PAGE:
Conservator Henryk Kustosz emphasised the importance of the find during the press conference at the National Museum in Szczecin. "When it comes to the history of architecture, it is an absolutely unusual find, of great importance, because we have discovered the church, which many scientists have tried to describe and recreate, but all they were doing was pure hypothesis with no basis in reality, which has now been exposed" - said Kustosz.
According to Kustosz, scientists have a plan of the church, but the monastery complex is also important. "The monastery it was not just the church, but the whole building complex, as it turns out, including cloisters. Further studies are needed, but even now we know the scale of the monastery, the affiliation of the church, and we can search for links" - added Kustosz.
He noted that Dominicans who came here, blended into the landscape of contemporary Dominican architecture in Poland.
The chancel of the Dominican church stands on the site of earlier wooden church of St. Giles, founded by knight Czesław. According to Kustosz, a nave had been added to the wooden church, and then the chancel was rebuilt in brick.
The church of St. Giles first appears in the historical sources at the end of the early Middle Ages (the beginning of the 13th century) as an already existing building given to the Dominicans who arrived in Kamień and built a monastery in the adjacent area. Some researchers associate the establishment of the Christian church near or on a hill later named Aschenberg with the Christianising mission of St. Otto of Bamberg, who erected one (within the castle town, where the princely residence was located) or two churches in Kamień.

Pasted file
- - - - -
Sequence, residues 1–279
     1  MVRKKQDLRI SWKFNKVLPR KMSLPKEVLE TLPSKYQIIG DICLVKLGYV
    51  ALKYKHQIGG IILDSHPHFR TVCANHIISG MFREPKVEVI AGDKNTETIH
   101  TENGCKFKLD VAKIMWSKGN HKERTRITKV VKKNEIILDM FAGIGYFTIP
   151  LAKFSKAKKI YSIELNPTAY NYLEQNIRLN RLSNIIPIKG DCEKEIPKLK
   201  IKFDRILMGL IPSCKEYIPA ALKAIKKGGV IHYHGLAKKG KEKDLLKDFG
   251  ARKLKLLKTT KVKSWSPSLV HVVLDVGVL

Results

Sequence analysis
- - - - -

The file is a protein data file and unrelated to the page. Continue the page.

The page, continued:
The church of St. Giles, belonging to the property of the monastery, shared the fate of the Dominican complex - in the sixteenth century it was stripped of all furniture, and then destroyed.
During archaeological work in Kamień Pomorski, in addition to the remains of the Dominican church, archaeologists also discovered several early medieval burials and numerous graves containing hundreds of skeletons, dating from the late Middle Ages to the early 17th century
PAP - Science and Scholarship in Poland
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